Ray Dalio has reached the part of his life where he is giving back.
Dalio founded Bridgewater Associates out of his apartment in 1975, and now the long-running hedge fund is recognized as the world’s largest by assets under management (AUM) with $122.2 billion, and as the fifth most important private company in the United States by Fortune magazine.
However, since 2011, the billionaire has passed the baton for the role of CEO at Bridgewater – and he’s also been focused on passing on his knowledge as well.
The Knowledge Baton
Most recently, Ray Dalio has been praised for releasing his book entitled Principles: Life and Work, where he outlines the principles that have guided his impressive success with Bridgewater.
Just as timeless, however, is this 30 minute animated video that he and Bridgewater released a few years ago, which gives their unique template for how the global economy works. It’s possible that you may have seen this before – but if not, it can be a useful tool to understand how the pieces fit together.
Dalio starts at the micro level, showing how individual transactions are part of the overall economic machine.
Then, using human nature and history as a guide, Dalio reduces the complex global economy down to just three major forces that must be understood.
Three Major Forces
Dalio says this model has guided Bridgewater for over 30 years, and that there are three major forces that shape the economy:
1. Productivity Growth
Productivity growth, which is measured as a percentage of GDP, grows over time as knowledge, technology, and innovations help to raise our productivity and living standards.
2. Short-Term Debt Cycle
Usually lasting 5-8 years, the short-term debt cycle is a repeating pattern that occurs as credit expands and contracts.
3. Long-Term Debt Cycle
Usually lasting 75-100 years, the long-term debt cycle usually ends in a period of extreme deleveraging, where global debt is unsustainable and asset prices fall.
Based on Dalio’s model and his concerns about the abuse of money printing by central banks, it’s clear why he routinely holds gold for about 5-10% of his personal portfolio, as well.
Rules of Thumb
The video ends with Dalio giving three rules of thumb – takeaways that make sense for individuals, companies, and policymakers.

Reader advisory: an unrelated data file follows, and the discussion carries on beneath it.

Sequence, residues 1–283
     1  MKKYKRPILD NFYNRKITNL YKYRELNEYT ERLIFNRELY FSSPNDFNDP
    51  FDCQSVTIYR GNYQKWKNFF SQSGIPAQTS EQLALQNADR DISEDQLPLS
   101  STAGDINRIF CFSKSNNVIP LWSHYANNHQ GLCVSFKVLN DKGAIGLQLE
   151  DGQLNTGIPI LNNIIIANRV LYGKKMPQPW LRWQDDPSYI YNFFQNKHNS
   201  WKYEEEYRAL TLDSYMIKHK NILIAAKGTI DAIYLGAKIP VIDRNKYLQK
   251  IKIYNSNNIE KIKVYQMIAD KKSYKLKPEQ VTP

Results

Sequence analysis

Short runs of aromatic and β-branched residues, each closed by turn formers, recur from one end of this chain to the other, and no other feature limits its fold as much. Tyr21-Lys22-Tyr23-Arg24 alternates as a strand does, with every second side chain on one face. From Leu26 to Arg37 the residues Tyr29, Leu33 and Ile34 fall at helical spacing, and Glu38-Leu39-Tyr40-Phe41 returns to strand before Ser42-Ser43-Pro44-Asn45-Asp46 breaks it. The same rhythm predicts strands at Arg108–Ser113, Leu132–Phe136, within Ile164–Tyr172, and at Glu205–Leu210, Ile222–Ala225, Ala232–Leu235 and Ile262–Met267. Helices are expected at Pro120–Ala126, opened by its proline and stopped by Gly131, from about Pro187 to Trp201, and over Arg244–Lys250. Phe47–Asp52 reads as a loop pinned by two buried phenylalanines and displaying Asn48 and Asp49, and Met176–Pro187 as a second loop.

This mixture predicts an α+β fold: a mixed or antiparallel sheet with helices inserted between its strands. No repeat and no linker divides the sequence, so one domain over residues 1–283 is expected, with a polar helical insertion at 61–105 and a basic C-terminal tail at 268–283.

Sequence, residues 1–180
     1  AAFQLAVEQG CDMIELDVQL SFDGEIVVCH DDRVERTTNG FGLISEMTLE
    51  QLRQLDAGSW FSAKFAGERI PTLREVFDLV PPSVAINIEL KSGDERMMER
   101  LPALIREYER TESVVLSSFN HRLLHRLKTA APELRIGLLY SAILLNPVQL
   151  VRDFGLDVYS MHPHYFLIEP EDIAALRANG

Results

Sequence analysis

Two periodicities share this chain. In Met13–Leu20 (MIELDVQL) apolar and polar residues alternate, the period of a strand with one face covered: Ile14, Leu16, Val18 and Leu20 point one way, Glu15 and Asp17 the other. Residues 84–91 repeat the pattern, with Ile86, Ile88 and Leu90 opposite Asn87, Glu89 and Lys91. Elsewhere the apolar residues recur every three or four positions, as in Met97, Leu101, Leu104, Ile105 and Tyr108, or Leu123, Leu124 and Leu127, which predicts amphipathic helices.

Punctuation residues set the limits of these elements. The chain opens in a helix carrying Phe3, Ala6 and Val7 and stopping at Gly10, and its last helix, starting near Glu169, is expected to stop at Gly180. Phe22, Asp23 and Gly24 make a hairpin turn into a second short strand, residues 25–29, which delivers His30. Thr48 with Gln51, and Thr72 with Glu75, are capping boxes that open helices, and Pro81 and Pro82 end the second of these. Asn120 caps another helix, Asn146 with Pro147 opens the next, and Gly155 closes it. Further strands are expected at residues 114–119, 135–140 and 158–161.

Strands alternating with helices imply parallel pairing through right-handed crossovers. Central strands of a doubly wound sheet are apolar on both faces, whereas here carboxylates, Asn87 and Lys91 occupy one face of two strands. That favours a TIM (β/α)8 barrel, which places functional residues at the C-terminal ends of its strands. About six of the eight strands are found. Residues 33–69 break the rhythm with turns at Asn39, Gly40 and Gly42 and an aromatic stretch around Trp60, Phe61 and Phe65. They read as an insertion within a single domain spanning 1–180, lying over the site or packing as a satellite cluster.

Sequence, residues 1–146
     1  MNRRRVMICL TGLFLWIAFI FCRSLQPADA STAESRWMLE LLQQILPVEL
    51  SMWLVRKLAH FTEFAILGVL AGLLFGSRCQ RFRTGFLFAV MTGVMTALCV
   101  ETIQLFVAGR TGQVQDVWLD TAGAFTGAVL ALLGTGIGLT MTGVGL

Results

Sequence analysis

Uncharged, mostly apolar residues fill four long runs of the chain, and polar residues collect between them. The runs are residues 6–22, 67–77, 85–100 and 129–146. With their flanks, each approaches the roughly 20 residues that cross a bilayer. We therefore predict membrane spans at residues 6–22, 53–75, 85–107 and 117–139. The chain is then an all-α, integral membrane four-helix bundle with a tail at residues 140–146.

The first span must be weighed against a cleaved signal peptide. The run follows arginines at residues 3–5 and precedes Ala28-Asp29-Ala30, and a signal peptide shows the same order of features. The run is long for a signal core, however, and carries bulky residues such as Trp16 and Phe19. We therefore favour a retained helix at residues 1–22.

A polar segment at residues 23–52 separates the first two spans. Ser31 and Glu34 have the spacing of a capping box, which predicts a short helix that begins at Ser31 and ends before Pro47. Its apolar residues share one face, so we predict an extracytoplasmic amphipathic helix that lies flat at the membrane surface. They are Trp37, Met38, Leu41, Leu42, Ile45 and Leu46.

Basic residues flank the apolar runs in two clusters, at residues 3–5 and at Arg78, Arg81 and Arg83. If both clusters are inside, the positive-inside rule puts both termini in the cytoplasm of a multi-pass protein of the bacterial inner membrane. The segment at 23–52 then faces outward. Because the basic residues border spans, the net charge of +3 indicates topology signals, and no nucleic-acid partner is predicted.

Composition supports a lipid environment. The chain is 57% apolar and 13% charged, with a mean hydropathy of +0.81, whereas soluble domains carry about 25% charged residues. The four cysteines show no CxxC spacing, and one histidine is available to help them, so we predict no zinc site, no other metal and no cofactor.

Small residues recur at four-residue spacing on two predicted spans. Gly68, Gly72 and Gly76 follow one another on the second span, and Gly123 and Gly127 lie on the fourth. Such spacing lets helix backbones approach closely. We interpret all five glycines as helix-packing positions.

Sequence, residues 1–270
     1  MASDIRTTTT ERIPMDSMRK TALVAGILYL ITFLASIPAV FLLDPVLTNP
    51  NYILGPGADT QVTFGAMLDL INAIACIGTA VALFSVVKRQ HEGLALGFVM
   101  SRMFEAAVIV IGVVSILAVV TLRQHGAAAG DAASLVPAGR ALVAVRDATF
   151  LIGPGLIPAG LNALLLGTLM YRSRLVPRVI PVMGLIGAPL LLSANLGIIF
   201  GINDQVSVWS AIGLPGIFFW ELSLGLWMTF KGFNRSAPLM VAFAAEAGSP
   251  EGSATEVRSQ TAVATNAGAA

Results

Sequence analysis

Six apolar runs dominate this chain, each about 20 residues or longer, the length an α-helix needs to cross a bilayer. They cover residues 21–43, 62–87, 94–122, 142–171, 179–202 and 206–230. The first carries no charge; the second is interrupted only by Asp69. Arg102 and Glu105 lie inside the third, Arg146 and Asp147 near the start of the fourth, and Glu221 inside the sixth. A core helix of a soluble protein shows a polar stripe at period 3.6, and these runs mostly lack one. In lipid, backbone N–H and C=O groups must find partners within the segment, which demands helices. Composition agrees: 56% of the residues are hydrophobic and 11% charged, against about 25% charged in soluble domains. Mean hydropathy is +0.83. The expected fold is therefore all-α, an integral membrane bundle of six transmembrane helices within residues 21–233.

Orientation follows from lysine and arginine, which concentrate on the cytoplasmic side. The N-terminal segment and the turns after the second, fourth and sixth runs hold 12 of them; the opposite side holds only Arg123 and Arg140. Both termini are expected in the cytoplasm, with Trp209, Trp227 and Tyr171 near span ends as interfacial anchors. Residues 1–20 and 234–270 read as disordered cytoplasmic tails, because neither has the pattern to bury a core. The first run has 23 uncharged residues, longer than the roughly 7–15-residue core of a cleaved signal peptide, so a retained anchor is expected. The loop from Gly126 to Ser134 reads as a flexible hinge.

Rule #1. Don’t have debt rise faster than income
Your debt burdens will eventually crush you.
Rule #2. Don’t have income rise faster than productivity
You’ll eventually become uncompetitive.
Rule #3. Do all that you can to raise productivity
In the long run, that’s what matters the most.
With an estimated net worth of $17 billion, it seems Dalio’s rules could be worth keeping in mind.
Ranked: The World’s 50 Top Countries by GDP, by Sector Breakdown
This graphic shows GDP by country, broken down into three main sectors: services, industry, and agriculture.
Visualized: The Three Pillars of GDP, by Country
Over the last several decades, the service sector has fueled the economic activity of the world’s largest countries. Driving this trend has been changes in consumption, the easing of trade barriers, and rapid advancements in tech.
We can see this in the gross domestic product (GDP) breakdown of each country, which gets divided into three broad sectors: services, industry, and agriculture.
The above graphic from Pranav Gavali shows GDP by country, and how each sector contributes to an economy’s output, with data from the World Bank.
Drivers of GDP, by Country
As the most important and fastest growing component of GDP, services make up almost 60% of GDP in the world’s 50 largest countries. Following this is the industrial sector which includes the production of raw goods.
Below, we show how each sector contributes to GDP by country as of 2021:
|🇰🇷 South Korea||57.0||32.4||1.8||8.8||$1.8|
|🇸🇦 Saudi Arabia||46.5||44.7||2.7||6.1||$0.8|
|🇭🇰 Hong Kong||89.7||6.0||0.1||4.3||$0.4|
|🇿🇦 South Africa||63.0||24.5||2.5||10.0||$0.4|
Industrial sector includes construction. Agriculture sector includes forestry and fishing. *Data as of 2019.
In the U.S., services make up nearly 78% of GDP. Apart from Hong Kong, it comprises the highest share of GDP across the world’s largest economies. Roughly 80% of American jobs in the private sector are in services, spanning from healthcare and entertainment to finance and logistics.
Like America, a growing share of China’s GDP is from services, contributing to almost 54% of total economic output, up from 44% in 2010. This can be attributed to rising incomes and higher productivity in the sector as the economy has grown and matured, among other factors.
In a departure from the top 10 biggest countries globally, agriculture continues to drive a large portion of India’s GDP. India is the world’s second largest producer of wheat and rice, with agriculture accounting for 44% of the country’s employment.
While the services sector has grown in India, it makes up a greater share in other emerging economies such as Brazil (58%), Mexico (59%), and the Philippines (61%).
Services-led growth has risen faster than manufacturing across many developing nations, underpinned by productivity growth.
This structural shift is seen across economies. In many countries in Africa, for instance, jobs have increasingly moved from agriculture to services and trade, where it now accounts for 42% of jobs.
These growth patterns are supported by rising incomes in developing economies, while innovation in tech is lowering barriers to enabling service growth. As the industrial sector makes up a lower share of trade and economic activity, the service sector is projected to make up 77% of global GDP by 2035.
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